Insights About the Global Internet Routing Table Reaching the 768k Milestone
Back in 2014, I wrote an article that highlighted that global Internet routing table passed the 512,000 or 512k route mark. Today we know that another significant milestone has been reached, as we passed the 768k route mark! Many have predicted Internet outages may be expected. In short, the “sky is not falling”. The possibility of TCAM resource exhaustion at 768k routes is a known issue that we all know has been coming for some time. There is no related security vulnerability, and it cannot be easily triggered by a remote, untrusted user.
As I mentioned in my previous article, we’ve known for some time that the Internet routing table growth could cause Ternary Content Addressable Memory (TCAM) resource exhaustion for some networking products. TCAM is an important component of certain network switches and routers can store routing tables. It is provides deterministic and fast table lookups. TCAM is “reverse memory” that excels in match lookups.
However, not all platforms running Cisco IOS XR and Cisco IOS XE Software use TCAM for forwarding decisions. For instance, the Cisco NCS 5500 Series uses TCAM for their FIB lookup. On the other hand, the Cisco ASR 9000 uses search memory instead. While TCAM is a fast resource, it is expensive in cost and power consumption so it is to be used with care in any hardware design.
No matter who provides your networking equipment, it needs to be able to manage the ongoing growth of the Internet routing table. We recommend confirming and addressing any possible impacts for all devices in your network, not just those provided by Cisco. The products that could be affected include those with a default configuration supporting 768k routes.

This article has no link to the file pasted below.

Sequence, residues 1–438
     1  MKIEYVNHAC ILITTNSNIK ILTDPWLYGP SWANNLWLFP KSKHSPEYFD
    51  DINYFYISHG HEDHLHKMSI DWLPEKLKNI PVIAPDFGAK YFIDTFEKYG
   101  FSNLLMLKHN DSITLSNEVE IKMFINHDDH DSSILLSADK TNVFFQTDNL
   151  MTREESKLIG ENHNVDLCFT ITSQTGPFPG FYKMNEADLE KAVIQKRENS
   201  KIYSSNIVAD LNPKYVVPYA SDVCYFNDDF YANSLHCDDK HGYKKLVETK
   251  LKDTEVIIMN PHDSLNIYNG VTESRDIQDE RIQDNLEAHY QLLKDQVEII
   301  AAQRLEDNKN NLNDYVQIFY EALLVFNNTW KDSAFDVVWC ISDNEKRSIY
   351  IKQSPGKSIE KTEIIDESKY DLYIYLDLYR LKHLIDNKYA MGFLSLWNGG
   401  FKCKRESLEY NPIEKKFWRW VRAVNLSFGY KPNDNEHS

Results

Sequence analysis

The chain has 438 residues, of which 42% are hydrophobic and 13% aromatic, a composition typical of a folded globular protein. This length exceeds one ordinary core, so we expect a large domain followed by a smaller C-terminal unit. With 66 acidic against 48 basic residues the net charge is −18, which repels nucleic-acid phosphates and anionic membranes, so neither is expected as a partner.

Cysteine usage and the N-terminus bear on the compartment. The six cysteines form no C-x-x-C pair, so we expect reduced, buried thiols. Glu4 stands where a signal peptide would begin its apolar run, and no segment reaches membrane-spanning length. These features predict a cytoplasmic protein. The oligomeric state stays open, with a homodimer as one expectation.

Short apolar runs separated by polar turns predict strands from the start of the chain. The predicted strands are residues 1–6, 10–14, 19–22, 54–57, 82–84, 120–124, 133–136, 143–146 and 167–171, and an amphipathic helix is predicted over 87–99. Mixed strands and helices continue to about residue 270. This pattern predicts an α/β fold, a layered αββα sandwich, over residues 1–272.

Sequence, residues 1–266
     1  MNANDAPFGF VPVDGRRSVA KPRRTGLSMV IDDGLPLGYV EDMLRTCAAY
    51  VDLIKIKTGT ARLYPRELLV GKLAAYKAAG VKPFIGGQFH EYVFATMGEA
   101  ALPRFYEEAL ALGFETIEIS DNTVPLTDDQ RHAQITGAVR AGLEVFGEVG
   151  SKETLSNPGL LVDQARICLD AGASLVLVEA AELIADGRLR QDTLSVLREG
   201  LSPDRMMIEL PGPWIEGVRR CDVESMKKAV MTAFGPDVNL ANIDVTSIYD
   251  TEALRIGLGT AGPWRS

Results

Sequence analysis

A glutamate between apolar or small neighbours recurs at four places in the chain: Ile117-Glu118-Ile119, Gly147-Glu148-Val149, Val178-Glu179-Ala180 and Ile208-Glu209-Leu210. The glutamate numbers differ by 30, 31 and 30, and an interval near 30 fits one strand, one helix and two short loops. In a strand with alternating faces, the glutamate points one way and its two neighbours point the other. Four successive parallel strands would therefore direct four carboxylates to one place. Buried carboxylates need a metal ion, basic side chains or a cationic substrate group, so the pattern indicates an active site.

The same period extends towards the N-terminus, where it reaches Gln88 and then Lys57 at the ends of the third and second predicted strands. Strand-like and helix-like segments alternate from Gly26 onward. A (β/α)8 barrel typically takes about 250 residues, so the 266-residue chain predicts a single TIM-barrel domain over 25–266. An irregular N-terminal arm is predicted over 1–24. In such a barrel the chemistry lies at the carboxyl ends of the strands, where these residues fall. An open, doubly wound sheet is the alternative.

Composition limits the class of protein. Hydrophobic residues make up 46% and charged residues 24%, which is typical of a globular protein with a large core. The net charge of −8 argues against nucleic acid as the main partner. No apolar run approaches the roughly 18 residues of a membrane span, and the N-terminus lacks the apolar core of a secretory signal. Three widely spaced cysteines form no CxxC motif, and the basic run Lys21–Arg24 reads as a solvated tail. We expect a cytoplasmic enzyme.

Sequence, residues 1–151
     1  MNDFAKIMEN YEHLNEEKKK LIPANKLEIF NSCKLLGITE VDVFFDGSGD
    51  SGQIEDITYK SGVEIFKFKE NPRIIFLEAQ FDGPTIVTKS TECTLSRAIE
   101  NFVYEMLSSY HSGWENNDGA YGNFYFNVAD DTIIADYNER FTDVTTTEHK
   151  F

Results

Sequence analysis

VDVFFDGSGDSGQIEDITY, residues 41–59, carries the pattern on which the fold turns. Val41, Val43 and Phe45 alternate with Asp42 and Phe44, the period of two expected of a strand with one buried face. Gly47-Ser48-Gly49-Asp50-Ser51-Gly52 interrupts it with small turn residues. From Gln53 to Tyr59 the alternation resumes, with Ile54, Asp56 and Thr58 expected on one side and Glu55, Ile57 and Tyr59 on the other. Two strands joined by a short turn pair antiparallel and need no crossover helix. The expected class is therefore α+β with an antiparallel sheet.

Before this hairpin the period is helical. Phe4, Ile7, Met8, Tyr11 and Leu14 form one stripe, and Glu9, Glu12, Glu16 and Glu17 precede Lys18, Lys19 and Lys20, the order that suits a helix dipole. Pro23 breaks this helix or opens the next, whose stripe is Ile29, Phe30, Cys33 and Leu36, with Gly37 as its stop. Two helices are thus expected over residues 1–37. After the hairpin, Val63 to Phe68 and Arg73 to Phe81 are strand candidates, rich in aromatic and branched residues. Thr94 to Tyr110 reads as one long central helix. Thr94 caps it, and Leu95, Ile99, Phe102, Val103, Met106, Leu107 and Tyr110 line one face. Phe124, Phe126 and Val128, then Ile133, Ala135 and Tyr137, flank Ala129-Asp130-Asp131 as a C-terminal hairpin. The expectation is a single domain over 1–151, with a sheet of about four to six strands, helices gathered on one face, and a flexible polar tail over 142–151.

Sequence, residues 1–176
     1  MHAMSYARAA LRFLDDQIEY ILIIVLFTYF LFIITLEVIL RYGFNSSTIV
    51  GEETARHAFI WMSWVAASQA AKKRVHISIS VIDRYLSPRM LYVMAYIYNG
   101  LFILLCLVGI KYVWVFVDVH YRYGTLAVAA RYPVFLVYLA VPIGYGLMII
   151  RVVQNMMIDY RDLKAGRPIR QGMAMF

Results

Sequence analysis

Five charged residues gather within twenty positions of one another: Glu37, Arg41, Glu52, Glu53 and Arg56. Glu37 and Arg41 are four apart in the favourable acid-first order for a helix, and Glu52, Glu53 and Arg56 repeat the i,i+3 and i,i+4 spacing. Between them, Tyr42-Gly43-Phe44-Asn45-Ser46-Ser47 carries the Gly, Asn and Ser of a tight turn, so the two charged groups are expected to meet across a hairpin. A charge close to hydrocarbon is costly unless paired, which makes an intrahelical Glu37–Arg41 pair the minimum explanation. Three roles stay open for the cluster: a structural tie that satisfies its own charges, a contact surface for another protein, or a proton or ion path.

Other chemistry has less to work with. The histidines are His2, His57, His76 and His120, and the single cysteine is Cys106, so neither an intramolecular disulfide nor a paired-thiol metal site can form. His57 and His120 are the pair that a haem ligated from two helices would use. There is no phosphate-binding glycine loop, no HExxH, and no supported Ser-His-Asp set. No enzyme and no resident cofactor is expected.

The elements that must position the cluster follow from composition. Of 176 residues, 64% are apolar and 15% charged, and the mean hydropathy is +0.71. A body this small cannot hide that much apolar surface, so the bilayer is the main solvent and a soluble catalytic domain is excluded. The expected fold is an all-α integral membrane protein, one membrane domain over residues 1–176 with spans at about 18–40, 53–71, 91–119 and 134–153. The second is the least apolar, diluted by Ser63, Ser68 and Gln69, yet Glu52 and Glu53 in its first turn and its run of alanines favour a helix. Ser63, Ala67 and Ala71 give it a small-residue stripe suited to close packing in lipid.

Modern routers such as the Cisco ASR Routers support millions of routes. For instance, the Cisco ASR 1000 Series Aggregation Services Routers support up to 4 million routes.
The best practices and workarounds in my previous article are still valid. If you are running legacy devices, consider action if any of those devices were previously hard set to 768K routes.
For example, this document describes how to identify and resolve a common problem caused by growth of the Internet routing table. The document describes how you can detect when a Cisco ASR 9000 Series Aggregation Services Routers reaches its prefix limit. The router logs messages such as the following when the limit is reached:
LC/0/3/CPU0:Apr 22 01:15:18.103 : fib_mgr: %ROUTING-FIB-4-RSRC_LOW : CEF running low on DATA_TYPE_TABLE_SET resource memory. CEF will now begin resource constrained forwarding. Only route deletes will be handled in this state, which may result in mismatch between RIB/CEF. Traffic loss on certain prefixes can be expected. CEF will automatically resume normal operation, once the resource utilization returns to normal level.
Once the line cards begin to display the %ROUTING-FIB-4-RSRC_LOW message, an outage for some prefixes occurs. This simply means that new prefixes can’t be programmed in hardware until a resource is relinquished (e.g., a prefix is withdrawn).
Route filtering and the use of a default route can also be used to decrease the number of routes in an affected device. Prefix lists can be used as an alternative to access lists in many BGP route-filtering commands. The use of prefix lists provides significant performance improvements when loading and performing route lookup of large routing tables. Additional information about BGP best practices and configuring prefix lists is available at: click here.
Implementing the recommended workarounds ahead of time will help your network avoid any performance degradation, routing instability, or impact to availability. Cisco designs all networking devices with scale in mind.